ALKAN: Concerto for solo Piano. Troisième recueil de chants, Op. 65.
SHOSTAKOVICH: Concerto No. 1 for piano, trumpet and strings, Op. 35.Concertino
for Two Pianos in A minor, Op. 94. Quintet in G minor, Op. 57.
DELIUS: Piano Concerto in C minor. RACHMANINOFF: Rhapsody
on a Theme of Paganini, Op. 43. Piano Concerto No. 2 in C minor, Op. 18.
JACQUELINE DU PRÉ - The Complete EMI Recordings
JÁNOS STARKER - Legendary Period LPs - Vol. I
Hearing this new recording of Alkan's Concerto for Solo Piano, Op. 39
is like watching lightning strike on command. Marc-André Hamelin's
1993 Music & Arts recording of this massive work
movements 8-10 of the composer's Twelve Etudes, Op. 39) set the standard
this music, and now Hamlin has even bettered his previous effort. This
is a magnificent performance of astonishing detail, a fabulous display
pianistic artistry. Hyperion's new release has an added attraction: the
first complete recording of the composer's Troisième recueil
Op. 65, a set of 6 short pieces apparently inspired by Mendelssohn's
Songs without Words, delectable miniatures. For some listeners,
the piano sound on these new recordings, made in February and December
2006) might seem overly resonant, but the ear quickly adjusts.
A superb release!
What a pleasure it is to hear live performances by legendary pianist Benno Moiseiwitsch (1890-1963). The Russian pianist had a great fondness for British music and recorded the Delius piano concerto in 1946 with the then-new Philharmonia Orchestra conducted by Constant Lambert (available on Testament as well as a Naxos import). Moiseiwitsch had given three performances in London with Sir Thomas Beecham conducting in 1915; this broadcast performance is from the BBC Proms Royal Albert Hall concert September 13, 1955. This is a magnificent performance of a work that can in lesser hands be a rambling affair, slightly brisker than his earlier recording. Moiseiwitsch made two commercial recordings of Rhapsody on a Theme of Paganini: December 1938 with Basil Cameron and the Liverpool Philharmonic Orchestra (available as a Naxos import), and with the Philharmonia Orchestra directed by Hugo Rignold (once issued on EMI (63788). This EMI disk also included the pianist's commercial recording of Rachmaninoff's Piano Concerto No. 2 with Hugo Rignold and the Philharmonia made in August 1955 (Moiseiwitsch had also recorded this concerto in 1937 with Walter Goehr and the Liverpool Philharmonic). This 1955 version is a welcome addition to Guild's issue. Are there other Moiseiwitsch live recordings to be unearthed? Let us hope, and bemoan the fact that there are no live recordings of Sergei Rachmaninoff, who never would permit broadcasts of any of his performances.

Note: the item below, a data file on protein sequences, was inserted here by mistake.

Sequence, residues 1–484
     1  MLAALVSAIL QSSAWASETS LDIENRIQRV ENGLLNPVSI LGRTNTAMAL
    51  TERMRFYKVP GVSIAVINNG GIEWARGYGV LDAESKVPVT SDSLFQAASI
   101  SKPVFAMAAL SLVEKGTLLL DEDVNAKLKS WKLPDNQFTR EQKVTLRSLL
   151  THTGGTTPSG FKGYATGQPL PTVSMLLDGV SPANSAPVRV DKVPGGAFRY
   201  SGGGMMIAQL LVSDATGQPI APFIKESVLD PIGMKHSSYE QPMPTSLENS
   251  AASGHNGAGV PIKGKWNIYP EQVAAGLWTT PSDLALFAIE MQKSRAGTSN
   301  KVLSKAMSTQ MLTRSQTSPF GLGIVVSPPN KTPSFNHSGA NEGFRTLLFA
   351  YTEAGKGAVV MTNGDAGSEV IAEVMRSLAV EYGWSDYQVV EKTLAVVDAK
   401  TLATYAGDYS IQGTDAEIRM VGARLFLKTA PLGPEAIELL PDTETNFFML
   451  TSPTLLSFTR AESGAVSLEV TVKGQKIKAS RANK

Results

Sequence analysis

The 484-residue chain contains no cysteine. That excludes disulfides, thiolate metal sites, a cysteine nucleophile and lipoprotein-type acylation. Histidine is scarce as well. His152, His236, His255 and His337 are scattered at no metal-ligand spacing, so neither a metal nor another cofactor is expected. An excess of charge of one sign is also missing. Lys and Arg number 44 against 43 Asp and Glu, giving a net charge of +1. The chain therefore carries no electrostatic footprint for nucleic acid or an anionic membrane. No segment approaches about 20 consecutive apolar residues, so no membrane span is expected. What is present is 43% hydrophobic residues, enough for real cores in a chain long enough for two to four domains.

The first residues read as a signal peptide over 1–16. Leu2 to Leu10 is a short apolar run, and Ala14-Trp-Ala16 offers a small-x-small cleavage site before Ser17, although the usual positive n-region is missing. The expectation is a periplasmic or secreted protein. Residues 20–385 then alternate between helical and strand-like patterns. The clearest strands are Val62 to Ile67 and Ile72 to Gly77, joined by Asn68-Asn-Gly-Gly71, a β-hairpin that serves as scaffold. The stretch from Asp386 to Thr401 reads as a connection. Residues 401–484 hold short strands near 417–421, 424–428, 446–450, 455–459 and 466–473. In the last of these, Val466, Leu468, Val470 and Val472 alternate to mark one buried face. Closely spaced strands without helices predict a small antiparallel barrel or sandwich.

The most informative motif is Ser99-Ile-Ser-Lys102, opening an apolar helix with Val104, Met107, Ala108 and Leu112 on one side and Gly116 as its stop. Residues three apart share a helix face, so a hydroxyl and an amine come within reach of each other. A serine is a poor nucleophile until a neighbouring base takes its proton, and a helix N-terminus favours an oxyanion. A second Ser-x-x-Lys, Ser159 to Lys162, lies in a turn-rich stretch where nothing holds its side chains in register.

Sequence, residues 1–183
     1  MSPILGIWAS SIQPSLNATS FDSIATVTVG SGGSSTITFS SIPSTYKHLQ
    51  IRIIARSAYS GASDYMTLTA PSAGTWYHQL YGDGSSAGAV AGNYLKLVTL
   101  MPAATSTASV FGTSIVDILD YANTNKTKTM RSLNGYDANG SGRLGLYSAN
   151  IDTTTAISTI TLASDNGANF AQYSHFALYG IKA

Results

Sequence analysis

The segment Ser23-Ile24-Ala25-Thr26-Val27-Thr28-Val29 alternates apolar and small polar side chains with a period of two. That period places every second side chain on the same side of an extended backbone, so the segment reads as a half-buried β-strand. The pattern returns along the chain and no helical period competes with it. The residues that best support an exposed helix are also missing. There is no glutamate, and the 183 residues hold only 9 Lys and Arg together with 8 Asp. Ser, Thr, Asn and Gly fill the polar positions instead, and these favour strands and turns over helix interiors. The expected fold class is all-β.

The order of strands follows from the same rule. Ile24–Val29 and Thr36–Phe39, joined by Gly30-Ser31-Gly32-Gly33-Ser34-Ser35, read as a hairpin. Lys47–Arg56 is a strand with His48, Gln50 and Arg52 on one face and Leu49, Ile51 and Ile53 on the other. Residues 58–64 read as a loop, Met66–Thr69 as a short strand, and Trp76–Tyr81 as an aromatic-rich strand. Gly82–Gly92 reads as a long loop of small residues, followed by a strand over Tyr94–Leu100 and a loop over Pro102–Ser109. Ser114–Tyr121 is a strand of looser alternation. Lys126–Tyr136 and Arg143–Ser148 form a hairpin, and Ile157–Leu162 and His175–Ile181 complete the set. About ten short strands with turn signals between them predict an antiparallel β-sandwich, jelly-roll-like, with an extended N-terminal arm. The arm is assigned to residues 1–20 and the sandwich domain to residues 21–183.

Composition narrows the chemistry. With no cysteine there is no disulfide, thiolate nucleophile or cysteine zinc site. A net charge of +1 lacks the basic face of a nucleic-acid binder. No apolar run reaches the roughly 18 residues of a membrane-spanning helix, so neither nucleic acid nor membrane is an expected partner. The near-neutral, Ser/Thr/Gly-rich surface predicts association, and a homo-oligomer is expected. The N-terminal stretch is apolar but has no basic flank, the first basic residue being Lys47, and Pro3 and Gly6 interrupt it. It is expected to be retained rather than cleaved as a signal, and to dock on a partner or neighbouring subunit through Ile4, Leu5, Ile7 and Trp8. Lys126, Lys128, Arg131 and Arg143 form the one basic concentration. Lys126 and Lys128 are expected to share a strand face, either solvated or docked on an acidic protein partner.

EMI is to be saluted for their 17-disk set of Jacqueline Du Pré's complete recordings for the label, and at super-budget price (less than $4 per CD). Don't expect any program notes other than a complete list of tracks, timings and recording dates/venues. The booklet suggests you insert CD 17 into your computer to join the EMI Classics Club "and build connections with the world's great artists." I did this and nothing happened. Perhaps somewhere on the EMI Classics site there are program notes; if so, I couldn't find them. Still, this is a great bargain for collectors if you don't already own most of these.
Another remarkable cellist was Janos Starker (born July 5, 1924) who was principal cellist of the Chicago Symphony under Fritz Reiner, and concertized throughout the world. He was recognized as one of the truly great cellists and although he retired from giving concerts a few years ago, he continues to teach and give master classes. Here is a 2-CD set, Volume I of a projected series, offering some of Starker's "legendary" Period LPs (he recorded 15 records for the label). Hearing them it is easy to understand why their release catapulted the young cellist to international recognition. Some of the LP notes are included in the accompanying booklet, and we also find that Starker was personally very involved in the technical side of the recordings. Peter Bartók (son of Bela) was the engineer, and provides a very close-up sonic picture of the solo cello including fingerboard and bow noises as well as Starker's breathing. Surprisingly, no specific recording dates are provided, just "in New York in the early 1950's." This set is released on EMG Classics, a division of Essential Media Group, but I haven't been able to discover anything about this company or their distribution process—so it may be difficult to find this set.
R.E.B. (January 2008)